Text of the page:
When words abandon a writer, it can feel catastrophic. But, it happens to all of us—the professional and the amateur, the published and the unpublished, the new and the seasoned. The question is how do we treat this most devastating of writing ailments?
Firstly, we must establish that writer’s block exists. There is some controversy over this. According to Anne Lamott, writer’s block is a “definite, not a maybe.” She believes in it for the best possible reason—personal experience. I’m of a mind to close the argument here. If you haven’t experienced Writer’s Block, then this post isn’t for you. Everyone else, stay tuned.
There are those who view “Writer’s Block” as a misnomer, though. John Rogers states succinctly, “you can’t think yourself out of a writing block; you have to write yourself out of a thinking block.” And then there’s Jeffrey Deaver, who says, “there’s no such thing as writer’s block; the problem is idea block. When I find myself frozen[. . .]it’s usually because I’m trying to shoehorn an idea into the passage or story where it has no place.”
I’m partial to these Idea Block explanations, but I don’t think they cover every possible cause of writer’s block. It’s true that sometimes we get stuck because we’re headed in the wrong direction. But sometimes we get stuck because we’re afraid, burned-out or disconnected.
But, I’m more interested in the solution than delineating the causes of Writer’s Block. What can we do about it? How do we prevent it, treat it, and recover from it?
Here, I stand on the shoulders of giants. The two most dear to my heart are Steven Pressfield, author of The War of Art, and Julia Cameron, author of the classic The Artist’s Way. Each in their own way, these writers handed me the tools to understand and combat my own Writer’s Block—in all its many changing iterations. I will not do justice to either of their far-reaching wisdom on this subject, so I strongly encourage you to pick up their books for yourself.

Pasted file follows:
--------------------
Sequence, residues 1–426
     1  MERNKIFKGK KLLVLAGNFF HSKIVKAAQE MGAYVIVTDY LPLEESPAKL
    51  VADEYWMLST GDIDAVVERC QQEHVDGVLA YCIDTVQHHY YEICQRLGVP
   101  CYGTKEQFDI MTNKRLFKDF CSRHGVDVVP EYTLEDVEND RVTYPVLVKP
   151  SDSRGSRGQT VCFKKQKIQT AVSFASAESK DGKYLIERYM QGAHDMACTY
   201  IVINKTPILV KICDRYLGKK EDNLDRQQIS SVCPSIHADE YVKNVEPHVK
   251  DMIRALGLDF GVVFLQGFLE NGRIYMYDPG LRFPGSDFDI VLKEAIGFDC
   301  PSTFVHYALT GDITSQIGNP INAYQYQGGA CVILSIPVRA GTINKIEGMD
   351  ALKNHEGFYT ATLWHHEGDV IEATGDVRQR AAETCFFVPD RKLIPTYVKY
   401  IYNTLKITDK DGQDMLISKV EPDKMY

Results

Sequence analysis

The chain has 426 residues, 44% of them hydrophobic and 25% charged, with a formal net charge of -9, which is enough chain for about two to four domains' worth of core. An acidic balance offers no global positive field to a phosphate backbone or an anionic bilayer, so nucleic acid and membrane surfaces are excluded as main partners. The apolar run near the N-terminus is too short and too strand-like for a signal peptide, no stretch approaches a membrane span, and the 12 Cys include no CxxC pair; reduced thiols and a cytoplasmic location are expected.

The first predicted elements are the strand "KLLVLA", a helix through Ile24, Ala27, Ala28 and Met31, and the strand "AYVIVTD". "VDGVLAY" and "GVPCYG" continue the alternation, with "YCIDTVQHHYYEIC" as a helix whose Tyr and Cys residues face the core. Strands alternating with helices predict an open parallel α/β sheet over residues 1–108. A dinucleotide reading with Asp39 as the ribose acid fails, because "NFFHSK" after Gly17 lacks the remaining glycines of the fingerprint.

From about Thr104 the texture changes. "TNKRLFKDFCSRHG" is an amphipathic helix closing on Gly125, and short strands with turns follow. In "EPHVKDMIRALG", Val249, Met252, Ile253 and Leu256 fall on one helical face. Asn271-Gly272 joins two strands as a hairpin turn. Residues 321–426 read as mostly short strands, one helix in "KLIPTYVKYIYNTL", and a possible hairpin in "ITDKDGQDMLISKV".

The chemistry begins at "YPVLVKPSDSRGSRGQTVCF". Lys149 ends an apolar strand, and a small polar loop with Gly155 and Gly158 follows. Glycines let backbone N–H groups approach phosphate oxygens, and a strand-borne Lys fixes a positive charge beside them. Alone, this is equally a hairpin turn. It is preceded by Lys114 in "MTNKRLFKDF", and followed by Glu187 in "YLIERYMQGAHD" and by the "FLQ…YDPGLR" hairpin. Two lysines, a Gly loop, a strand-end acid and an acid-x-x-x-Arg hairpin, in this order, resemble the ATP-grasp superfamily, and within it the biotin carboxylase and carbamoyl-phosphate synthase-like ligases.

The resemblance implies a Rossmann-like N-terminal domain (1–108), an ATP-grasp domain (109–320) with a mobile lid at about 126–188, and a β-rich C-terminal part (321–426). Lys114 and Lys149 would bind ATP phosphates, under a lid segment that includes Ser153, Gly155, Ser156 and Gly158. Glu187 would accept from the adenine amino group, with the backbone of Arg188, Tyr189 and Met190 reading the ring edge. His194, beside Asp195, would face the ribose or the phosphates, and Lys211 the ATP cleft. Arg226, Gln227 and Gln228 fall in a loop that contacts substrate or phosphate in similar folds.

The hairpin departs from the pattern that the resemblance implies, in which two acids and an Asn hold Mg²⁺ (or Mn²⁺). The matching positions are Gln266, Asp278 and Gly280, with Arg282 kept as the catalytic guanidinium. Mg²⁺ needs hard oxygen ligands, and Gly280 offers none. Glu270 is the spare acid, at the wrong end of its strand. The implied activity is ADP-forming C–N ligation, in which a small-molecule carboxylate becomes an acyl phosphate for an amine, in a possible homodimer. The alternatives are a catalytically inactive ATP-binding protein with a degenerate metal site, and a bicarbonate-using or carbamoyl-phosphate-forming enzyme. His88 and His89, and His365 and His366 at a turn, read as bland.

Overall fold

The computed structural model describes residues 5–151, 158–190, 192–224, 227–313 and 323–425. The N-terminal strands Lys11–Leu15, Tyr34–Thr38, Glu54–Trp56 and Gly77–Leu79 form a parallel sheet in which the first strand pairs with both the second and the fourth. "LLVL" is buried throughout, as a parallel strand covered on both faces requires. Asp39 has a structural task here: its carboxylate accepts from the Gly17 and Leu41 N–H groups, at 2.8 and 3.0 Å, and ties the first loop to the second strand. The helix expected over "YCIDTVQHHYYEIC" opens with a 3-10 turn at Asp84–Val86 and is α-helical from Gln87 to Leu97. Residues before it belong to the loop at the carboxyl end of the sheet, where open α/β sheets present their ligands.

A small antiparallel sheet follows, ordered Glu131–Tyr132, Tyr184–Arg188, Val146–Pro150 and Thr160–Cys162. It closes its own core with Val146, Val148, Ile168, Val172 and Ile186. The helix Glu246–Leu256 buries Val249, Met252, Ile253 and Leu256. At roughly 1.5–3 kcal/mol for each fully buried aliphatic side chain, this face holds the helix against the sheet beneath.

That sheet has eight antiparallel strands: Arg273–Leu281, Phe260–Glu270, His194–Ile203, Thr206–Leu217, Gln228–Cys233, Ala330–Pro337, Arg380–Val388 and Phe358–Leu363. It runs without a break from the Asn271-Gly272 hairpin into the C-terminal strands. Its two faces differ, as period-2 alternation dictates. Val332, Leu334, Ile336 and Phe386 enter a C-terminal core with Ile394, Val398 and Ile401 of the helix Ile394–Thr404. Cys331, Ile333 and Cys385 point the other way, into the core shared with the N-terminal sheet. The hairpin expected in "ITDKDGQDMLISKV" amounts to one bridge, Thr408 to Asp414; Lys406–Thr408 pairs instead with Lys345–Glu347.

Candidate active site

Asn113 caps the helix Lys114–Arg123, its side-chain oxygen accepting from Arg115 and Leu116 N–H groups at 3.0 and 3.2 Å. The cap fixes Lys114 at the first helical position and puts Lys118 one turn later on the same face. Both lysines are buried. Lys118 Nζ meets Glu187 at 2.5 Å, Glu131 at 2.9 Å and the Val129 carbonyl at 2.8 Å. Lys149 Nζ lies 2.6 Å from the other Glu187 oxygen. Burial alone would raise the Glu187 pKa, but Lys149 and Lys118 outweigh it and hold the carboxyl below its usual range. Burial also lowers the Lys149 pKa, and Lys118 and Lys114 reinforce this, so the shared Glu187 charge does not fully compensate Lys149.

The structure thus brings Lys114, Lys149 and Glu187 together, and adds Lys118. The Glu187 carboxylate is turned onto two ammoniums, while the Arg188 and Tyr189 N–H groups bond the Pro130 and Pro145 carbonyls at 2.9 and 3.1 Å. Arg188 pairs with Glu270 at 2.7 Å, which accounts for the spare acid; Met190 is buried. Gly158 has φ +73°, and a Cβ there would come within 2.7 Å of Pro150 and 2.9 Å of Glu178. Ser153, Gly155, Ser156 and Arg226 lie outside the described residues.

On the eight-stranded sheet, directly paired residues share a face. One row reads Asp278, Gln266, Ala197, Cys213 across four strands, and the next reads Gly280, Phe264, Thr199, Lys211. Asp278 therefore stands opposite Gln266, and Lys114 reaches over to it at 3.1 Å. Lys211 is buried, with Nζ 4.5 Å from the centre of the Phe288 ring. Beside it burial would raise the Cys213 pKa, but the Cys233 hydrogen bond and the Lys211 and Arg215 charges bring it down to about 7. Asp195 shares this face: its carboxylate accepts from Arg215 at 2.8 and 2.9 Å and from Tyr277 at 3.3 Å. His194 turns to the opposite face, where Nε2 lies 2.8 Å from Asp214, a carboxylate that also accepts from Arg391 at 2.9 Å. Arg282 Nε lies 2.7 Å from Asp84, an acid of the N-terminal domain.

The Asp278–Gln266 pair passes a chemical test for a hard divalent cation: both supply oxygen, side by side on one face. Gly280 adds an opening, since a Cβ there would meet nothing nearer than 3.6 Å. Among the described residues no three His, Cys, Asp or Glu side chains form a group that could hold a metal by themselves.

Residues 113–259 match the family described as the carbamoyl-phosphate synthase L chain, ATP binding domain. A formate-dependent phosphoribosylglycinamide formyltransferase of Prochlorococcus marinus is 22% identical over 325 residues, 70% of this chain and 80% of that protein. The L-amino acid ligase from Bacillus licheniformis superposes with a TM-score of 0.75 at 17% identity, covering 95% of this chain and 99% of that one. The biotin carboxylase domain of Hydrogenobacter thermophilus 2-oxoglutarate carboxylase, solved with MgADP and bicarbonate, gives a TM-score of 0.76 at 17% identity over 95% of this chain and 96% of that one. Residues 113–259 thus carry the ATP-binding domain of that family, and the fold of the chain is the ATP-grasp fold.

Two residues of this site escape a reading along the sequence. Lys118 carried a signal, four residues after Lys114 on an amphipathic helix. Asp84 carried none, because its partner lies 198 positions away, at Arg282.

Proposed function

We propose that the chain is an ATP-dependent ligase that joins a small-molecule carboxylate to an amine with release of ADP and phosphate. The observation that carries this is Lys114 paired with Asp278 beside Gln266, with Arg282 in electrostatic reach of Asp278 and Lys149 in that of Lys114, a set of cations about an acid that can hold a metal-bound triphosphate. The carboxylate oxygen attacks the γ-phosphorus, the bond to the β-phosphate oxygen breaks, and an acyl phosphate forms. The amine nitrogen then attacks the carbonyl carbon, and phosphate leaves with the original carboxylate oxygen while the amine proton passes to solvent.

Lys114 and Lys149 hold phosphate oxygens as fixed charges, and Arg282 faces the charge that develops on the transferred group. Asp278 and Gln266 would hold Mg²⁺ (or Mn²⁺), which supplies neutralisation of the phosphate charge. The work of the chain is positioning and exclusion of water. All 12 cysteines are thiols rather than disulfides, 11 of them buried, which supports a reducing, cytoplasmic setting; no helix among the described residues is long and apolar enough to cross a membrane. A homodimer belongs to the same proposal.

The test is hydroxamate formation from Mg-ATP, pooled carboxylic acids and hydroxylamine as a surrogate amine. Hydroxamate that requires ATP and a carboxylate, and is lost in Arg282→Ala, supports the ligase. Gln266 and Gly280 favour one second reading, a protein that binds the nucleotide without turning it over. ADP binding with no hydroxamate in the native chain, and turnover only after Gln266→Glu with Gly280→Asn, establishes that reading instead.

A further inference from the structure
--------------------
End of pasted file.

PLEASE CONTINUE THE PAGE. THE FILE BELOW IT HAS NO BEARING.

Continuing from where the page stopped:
These two greats share one basic piece of advice for combatting Writer’s Block: write every day. Steven Pressfield calls this “Turning Pro”—viewing our writing as a duty, showing up and punching the clock in front of our laptops everyday, no matter what our circumstances are. Pressfield admits that Turning Pro will cause us to meet with great Resistance—which he defines as an impersonal force in the universe that moves against any creative endeavor. But, Turning Pro is the antidote to Resistance. It creates the conditions for facing and transcending our fears. And all forms of Writer’s Block—boredom, frustration, fatigue, etc—are just Fear in its many disguises.
Cameron gives the same advice as part of her tool kit for overcoming Writer’s Block, only she uses different terminology. Cameron tasks aspiring creatives to write Morning Pages—three long-hand, free-form pages, every day. Writing Morning Pages clears the junk out of your brain. It puts you in daily contact with your subconscious. It teaches you to “rest on the page.” In other words, you learn to produce work no matter the circumstances. Even if that work is terrible and only a means to writing the real thing you want to write. Even if you throw it away and no one ever sees it. You write every day.
Cameron couples this task of Morning Pages with two more tasks to combat the dreaded Writer’s Block. One she terms Artist’s Dates—weekly solo excursions in the name of play. Take yourself to a movie, a park, a fabric store, a new part of town. . . whatever. Just feed your senses. Once a week. No companions and no agendas. This gives your brain new raw material and trains the mind to pay attention to the world deeply.
Lastly, she promotes walking as a means of combatting Writer’s Block. If all else fails and you are blocked, take a walk. The physical movement will shift your thinking brain off and your intuitive brain on, and the ideas can suddenly reach you again.
I have used all of these methods to maintain a steady level of productivity in my writing for the last year. I subscribe to them all. There is much to be said for small acts of perseverance.
I leave you with this quote from Goethe, “Whatever you think you can do or believe you can do, begin it. Action has magic, grace and power in it.” The power to dissolve Writer’s Block, no less.